where I needed to downgrade the firmware on my Olimex programmer,
and they completely refuse to let you.

I'm sticking with PICKit2's myself, Microchip's included enough
information, source code and hardware schematics, to go off and make a
new one, plus they're cheaper and come in a nice case rather than a bare
circuit board.

- --
http://petertodd.org
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2007\06\18@173630 by Robert Rolf

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Olin Lathrop wrote:

> scott larson wrote:
>
>>I contacted Olimex and they
>>said that the firmware is copyrighted and I'd have to pay $30 +
>>shipping for a new 18F252 with the firmware on it.
>>
>>Again, does anyone have this programmer and can upload the firmware
>>for me?
>
>
> Perhaps I'm missing something, but the above certainly sounds like you're a
> dirtbag trying to steal $30 worth of copyrighted material.

Uhhh, didn't he say in his original post that he HAD an Olimex programmer,
but that he'd toasted the bootloader by using the wrong firmware update?

"I've been using the MCP-USB programmer from Sparkfun/OLIMEX.. "

" I blindly assumed I could use the PICSTART PLUS upgrade
in MPLAB. I am pretty sure I messed up the 18F252 chip in the
programmer."

So he made a mistake and doesn't want to spend $30 for a new chip if
he can just burn the software he HAD ALREADY PAID FOR back into the chip.

How is that STEALING $30 worth of software he supposedly already owned
or licensed by buying the programmer?

Nice to see in advance what kind of support one can expect from Olimex (Olin?).

R




2007\06\18@174624 by olin piclist

face picon face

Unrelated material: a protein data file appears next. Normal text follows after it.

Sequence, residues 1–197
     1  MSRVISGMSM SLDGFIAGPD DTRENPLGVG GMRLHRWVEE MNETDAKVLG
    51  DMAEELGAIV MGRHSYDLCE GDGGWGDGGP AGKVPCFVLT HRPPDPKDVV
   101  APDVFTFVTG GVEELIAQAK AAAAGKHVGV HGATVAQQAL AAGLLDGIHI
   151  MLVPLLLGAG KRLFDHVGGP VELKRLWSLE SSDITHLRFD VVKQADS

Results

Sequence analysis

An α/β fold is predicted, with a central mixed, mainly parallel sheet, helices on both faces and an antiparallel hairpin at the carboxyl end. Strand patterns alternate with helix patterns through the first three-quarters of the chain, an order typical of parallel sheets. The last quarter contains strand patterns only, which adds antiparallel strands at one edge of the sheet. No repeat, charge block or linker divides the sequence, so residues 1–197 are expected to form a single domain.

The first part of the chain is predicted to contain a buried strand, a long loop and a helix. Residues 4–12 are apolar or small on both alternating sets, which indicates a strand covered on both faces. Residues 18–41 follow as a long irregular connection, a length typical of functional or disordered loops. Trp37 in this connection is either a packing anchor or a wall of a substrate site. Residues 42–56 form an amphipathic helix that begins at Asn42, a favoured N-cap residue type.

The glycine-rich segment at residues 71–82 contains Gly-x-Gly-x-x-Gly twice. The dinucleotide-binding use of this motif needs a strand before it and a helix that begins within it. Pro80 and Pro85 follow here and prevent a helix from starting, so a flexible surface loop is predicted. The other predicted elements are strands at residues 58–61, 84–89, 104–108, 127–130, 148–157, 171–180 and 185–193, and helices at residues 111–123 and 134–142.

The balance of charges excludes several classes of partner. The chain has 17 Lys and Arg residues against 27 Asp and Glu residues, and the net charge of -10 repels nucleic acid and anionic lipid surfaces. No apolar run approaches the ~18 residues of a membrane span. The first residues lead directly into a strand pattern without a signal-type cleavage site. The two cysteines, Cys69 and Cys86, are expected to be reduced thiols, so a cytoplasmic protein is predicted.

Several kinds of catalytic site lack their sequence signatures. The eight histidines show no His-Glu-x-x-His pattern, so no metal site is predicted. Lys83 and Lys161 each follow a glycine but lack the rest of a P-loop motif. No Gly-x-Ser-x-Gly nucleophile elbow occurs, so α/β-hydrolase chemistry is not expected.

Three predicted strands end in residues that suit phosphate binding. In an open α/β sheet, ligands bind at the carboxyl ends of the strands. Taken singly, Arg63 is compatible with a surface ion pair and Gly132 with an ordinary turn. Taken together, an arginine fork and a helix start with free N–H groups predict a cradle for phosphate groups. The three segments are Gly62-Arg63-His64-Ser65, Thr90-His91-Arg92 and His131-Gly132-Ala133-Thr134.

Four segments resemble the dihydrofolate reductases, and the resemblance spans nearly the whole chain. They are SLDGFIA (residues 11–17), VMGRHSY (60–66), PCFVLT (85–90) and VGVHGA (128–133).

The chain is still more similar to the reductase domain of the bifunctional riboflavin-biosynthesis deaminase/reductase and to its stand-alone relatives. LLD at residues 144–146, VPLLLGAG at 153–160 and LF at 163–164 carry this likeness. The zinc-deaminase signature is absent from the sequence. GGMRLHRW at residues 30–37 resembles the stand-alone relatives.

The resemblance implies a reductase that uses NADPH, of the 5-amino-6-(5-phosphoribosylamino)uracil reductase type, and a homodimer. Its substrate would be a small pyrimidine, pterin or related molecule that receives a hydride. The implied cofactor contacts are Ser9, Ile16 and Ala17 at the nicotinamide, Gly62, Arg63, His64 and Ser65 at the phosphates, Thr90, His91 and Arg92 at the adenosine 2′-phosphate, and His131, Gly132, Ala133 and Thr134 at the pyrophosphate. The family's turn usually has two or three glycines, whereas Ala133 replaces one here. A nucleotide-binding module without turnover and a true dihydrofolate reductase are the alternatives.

Peter Todd wrote:
> He has a peice of hardware, that allows the customer to accidentally
> destroy it through a series of commands that really shouldn't be able
> to do that.

But that doesn't give him the right to steal.  A better course of action
would be to demand a refund for returning the product, although Olimex isn't
obligated to to do that either unless it was specified in the purchase
agreement or perhaps by consumer product laws in Outer Vulgaria or wherever
Olimex is.

> He wants to fix that peice of hardware, himself, by rewriting the
> flash chip that allowed itself to be rewritten with no option of
> going back.

But wanting to do something doesn't make it legal or right.

If he really wants to solve this problem, he needs to convince Olimex it's
in their best interest to fix it for him.  They've obviously decided that
giving out the binary publicly isn't worth it.  If in the end he can't get
satisfaction then the best he can do is chalk it up to a learning experience
and warn others away from the manufacturer and its product.


********************************************************************
Embed Inc, Littleton Massachusetts, http://www.embedinc.com/products
(978) 742-9014.  Gold level PIC consultants since 2000.

2007\06\18@175505 by olin piclist

face picon face
Robert Rolf wrote:
> Uhhh, didn't he say in his original post that he HAD an Olimex
> programmer,

I don't know, as I most likely didn't read it.  The part about wanting
someone to steal a copy for him is what caught my eye.

> but that he'd toasted the bootloader by using the wrong firmware
> update?

So that gives him a license to steal?

> " I blindly assumed ...

Excatly.

> So he made a mistake and doesn't want to spend $30 for a new chip

Sure, I understand what he *wants* to do, but that's rather irrelevant.

> How is that STEALING $30 worth of software he supposedly already owned
> or licensed by buying the programmer?

So you're saying if I spill ink all over a book I bought, it gives me the
right to steal one to replace it?

> Nice to see in advance what kind of support one can expect from
> Olimex (Olin?).

This is the real recourse, and may be the leverage to get what he wants from
Olimex.


********************************************************************
Embed Inc, Littleton Massachusetts, http://www.embedinc.com/products
(978) 742-9014.  Gold level PIC consultants since 2000.

2007\06\18@175822 by Peter Todd

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On Mon, Jun 18, 2007 at 05:47:32PM -0400, Olin Lathrop wrote:
{Quote hidden}